NOTE: The video chapter transcripts are searchable, with search results displayed as marks on the time bar above the search box.  Click a mark to jump to the search word or phrase in the video and transcript, or click on any word in the transcript to jump to that point in the video.

 

Jump to Chapters

 
 Chapter 1: First Job at National Bureau of Standards  
   
Chapter 2: Cycling and the Simplex Method  
   
Chapter 3: Evolution of the Hoffman-Wielandt Theorem  
   
Chapter 4: Duality and the König-Egerváry Theorem  
   
Chapter 5: Computational Comparisons with the Simplex Method  
   
Chapter 6: An Early Combinatorial Auction  
   
Chapter 7: Solving Linear Programs on SEAC  
   
Chapter 8: Explaining Optimization  
   
Chapter 9: A Historical Perspective  
   
Chapter 10: Looking Forward  
   
Chapter 11: The Growth of Optimization  
   
Chapter 12: Criticism of Optimization  
   
Chapter 13: Concluding Remarks  

Jump to Chapters

Chapter 1: First Job at National Bureau of Standard
Chapter 2: Cycling and the Simplex Method
Chapter 3: Evolution of the Hoffman-Wielandt Theorem
Chapter 4: Duality and the König-Egerváry Theorem
Chapter 5: Computational Comparisons with the Simplex Method
Chapter 6: An Early Combinatorial Auction
Chapter 7: Solving Linear Programs on SEAC
Chapter 8: Explaining Optimization
Chapter 9: A Historical Perspective
Chapter 10: Looking Forward
Chapter 11: The Growth Of Optimization
Chapter 12: Criticism of Optimization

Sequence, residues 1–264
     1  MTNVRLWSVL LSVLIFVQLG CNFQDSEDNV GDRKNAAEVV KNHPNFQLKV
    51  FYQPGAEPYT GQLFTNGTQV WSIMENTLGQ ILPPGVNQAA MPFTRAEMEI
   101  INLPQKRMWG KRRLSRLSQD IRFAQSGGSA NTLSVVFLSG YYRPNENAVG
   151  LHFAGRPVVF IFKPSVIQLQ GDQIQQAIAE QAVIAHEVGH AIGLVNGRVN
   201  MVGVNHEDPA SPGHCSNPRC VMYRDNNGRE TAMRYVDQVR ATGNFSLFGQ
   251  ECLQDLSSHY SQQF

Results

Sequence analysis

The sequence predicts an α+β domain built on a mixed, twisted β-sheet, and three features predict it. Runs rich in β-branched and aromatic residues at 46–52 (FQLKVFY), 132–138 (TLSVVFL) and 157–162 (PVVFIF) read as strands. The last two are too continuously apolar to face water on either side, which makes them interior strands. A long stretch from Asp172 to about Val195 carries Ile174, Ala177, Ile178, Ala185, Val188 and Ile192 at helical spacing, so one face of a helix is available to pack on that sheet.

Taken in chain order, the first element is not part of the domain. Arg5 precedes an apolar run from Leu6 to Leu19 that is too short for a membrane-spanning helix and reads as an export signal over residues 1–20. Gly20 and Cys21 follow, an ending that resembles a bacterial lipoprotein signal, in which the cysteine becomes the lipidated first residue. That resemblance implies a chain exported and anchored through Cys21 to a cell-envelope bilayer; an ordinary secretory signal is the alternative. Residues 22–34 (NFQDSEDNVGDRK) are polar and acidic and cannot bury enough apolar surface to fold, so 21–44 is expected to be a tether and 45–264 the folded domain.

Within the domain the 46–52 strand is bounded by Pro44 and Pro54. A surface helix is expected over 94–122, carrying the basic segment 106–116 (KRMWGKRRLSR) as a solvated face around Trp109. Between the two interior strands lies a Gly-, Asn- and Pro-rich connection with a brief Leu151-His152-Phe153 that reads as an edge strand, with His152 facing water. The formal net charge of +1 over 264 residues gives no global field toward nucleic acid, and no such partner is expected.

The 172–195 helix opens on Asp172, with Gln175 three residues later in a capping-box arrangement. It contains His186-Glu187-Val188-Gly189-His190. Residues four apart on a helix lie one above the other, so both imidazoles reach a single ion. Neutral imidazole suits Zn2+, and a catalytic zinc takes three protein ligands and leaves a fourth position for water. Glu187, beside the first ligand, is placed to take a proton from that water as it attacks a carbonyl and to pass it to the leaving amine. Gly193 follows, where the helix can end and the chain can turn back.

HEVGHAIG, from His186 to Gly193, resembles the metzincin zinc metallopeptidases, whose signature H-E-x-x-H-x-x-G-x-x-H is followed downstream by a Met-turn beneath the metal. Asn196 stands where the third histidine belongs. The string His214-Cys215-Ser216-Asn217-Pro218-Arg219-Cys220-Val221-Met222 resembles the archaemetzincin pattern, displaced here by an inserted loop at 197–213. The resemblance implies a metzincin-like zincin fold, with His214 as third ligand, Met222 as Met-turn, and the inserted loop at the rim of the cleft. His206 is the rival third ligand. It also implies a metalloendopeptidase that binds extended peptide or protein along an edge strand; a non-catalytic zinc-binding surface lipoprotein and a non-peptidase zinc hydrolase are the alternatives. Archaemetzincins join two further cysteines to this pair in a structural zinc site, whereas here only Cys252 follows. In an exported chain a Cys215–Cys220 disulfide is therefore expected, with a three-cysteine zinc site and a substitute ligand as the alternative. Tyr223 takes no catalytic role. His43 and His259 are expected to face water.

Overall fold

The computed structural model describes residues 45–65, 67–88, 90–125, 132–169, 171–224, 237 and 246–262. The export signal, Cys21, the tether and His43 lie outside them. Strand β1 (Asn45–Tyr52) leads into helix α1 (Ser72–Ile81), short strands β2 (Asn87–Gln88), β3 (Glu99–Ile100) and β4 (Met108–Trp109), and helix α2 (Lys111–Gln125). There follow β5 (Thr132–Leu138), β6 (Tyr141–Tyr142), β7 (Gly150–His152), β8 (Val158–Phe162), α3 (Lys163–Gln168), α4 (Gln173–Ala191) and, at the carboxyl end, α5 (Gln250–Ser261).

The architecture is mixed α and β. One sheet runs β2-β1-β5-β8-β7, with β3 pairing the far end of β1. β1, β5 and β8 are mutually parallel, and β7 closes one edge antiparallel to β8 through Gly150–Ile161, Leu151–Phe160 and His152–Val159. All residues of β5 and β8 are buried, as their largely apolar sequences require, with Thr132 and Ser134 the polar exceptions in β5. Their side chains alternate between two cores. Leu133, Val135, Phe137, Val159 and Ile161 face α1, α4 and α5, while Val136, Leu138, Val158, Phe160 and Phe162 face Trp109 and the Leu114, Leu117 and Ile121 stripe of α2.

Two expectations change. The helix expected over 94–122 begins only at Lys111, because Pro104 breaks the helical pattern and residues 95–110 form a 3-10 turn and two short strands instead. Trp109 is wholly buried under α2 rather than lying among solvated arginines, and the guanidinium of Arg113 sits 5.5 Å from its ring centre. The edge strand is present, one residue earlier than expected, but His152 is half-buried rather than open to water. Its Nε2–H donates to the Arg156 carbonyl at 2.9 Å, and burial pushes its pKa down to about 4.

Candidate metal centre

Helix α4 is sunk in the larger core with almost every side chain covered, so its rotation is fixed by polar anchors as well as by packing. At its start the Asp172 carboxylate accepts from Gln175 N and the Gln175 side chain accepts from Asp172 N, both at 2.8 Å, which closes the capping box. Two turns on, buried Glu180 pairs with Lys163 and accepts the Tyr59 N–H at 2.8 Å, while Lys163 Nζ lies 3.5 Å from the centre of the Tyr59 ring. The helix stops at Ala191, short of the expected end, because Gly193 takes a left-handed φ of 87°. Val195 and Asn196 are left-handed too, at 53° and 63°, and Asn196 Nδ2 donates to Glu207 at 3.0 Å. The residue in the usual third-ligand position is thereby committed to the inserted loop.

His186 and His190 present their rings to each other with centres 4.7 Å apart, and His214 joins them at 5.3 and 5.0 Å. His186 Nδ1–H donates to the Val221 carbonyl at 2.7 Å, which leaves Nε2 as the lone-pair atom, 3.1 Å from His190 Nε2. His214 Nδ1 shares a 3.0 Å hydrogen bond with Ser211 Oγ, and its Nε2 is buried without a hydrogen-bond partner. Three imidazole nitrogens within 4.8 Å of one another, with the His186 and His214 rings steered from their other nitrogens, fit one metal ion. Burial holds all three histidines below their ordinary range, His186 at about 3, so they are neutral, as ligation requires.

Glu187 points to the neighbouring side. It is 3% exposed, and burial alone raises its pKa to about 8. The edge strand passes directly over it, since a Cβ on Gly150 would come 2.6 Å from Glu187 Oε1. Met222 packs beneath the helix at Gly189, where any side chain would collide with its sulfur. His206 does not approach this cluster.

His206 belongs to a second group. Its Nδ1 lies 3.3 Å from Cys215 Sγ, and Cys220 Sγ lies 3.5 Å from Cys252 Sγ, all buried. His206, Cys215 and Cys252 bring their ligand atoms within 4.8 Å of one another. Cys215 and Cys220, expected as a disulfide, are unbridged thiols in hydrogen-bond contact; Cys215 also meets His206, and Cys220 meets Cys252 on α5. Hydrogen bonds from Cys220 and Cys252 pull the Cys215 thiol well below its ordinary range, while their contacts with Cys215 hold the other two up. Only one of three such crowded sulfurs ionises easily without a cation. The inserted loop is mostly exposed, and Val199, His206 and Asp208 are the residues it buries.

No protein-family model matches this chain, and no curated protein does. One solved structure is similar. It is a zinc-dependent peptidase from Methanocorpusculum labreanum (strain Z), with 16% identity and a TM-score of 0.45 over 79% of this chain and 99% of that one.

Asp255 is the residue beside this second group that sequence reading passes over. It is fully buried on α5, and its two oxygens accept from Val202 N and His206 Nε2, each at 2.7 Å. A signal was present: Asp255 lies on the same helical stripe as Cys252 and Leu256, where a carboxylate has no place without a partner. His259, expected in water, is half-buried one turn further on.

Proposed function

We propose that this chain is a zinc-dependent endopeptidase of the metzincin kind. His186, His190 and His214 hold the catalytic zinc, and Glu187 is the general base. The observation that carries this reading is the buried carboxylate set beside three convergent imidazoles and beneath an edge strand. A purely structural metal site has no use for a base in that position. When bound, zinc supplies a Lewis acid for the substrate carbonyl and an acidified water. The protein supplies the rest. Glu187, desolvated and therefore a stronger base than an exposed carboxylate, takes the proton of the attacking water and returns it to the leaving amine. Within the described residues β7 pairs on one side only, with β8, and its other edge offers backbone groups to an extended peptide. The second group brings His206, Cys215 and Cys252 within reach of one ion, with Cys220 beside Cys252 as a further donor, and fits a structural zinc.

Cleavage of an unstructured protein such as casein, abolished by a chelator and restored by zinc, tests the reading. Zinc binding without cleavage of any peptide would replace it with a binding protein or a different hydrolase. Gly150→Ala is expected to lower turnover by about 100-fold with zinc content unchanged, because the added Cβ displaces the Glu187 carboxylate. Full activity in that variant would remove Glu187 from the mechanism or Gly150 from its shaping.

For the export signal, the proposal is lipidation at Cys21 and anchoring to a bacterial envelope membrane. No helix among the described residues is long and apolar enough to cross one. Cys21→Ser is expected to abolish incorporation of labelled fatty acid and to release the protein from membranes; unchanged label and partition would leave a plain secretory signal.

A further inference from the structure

Chapter 13: Concluding Remarks

Memoirs and Autobiographies

Memoirs

Hoffman A. J. (1991) Linear Programming at the National Bureau of Standards. Lenstra J. K., Rinooy-Kan A., & Schrijver A. in History of Mathematical Programming, a collection of personal reminiscences, 62-64. Elsevie Science Publishers: New York. 

Awards and Honors

National Academy of Science 1982

John von Neumann Theory Prize 1992  

Founder's Award, Mathematical Programming Society 2000  

The Institute for Operations Research and the Management Sciences Fellow 2002

Selected Publications

Hoffman A. J. (1953) Cycling in the simplex algorithm, Technical report 2974. National Bureau of Standards.

Hoffman A. J. & Jacobs W. (1954) Smooth patterns of production. Management Science, 1(1): 86-91.

Hoffman A. J. & Kruskal J. B. (1956) Integral Boundary Pointss of Convex Polyhedra. Kuhn H. W. & Tucker A. J., eds. Linear Inequalities and Related Systems, 223-246. Princeton University Press: Princeton.  

Hoffman A. J. (1960) Some recent applications of the theory of linear inequalities to extremal combinatorial analysis. Combinatorial Analysis: Proceedings of the Tenth Symposium in Applied Mathematics, 113-127.

Gilmore P. C. & Hoffman A. J. (1962) A characterization of comparability graphs and of interval graphs, No. RC-651. IBM Watson Research Center: Yorktown Heights, New York.

Gomory R. & Hoffman A. J. (1963) On the convergence of an integer-programming process. Naval Research Logistics Quarterly, 10(1): 369-373.

Hoffman A. J. (1963) On abstract dual linear programs. Naval Research Logistics Quarterly, 10(1): 369-373.

Barnes E. R. & Hoffman A. J. (1984) Partitioning, spectra, and linear programming. Progress in Combinatorial Optimization, 13-25. Wiley: New York.

Hoffman A. J. & Wolfe P. (1985) History. Lawler E. L., Lenstra J. K., Rimmooy Kan A. H. G., & Shmoys D. B., eds. The Traveling Salesman Problem. John Wiley & Sons: New York. 

Additional Resources

World Scientific. (2003) Selected Papers from Alan J. Hoffman with Commentary. Accessed July 12, 2018. (link)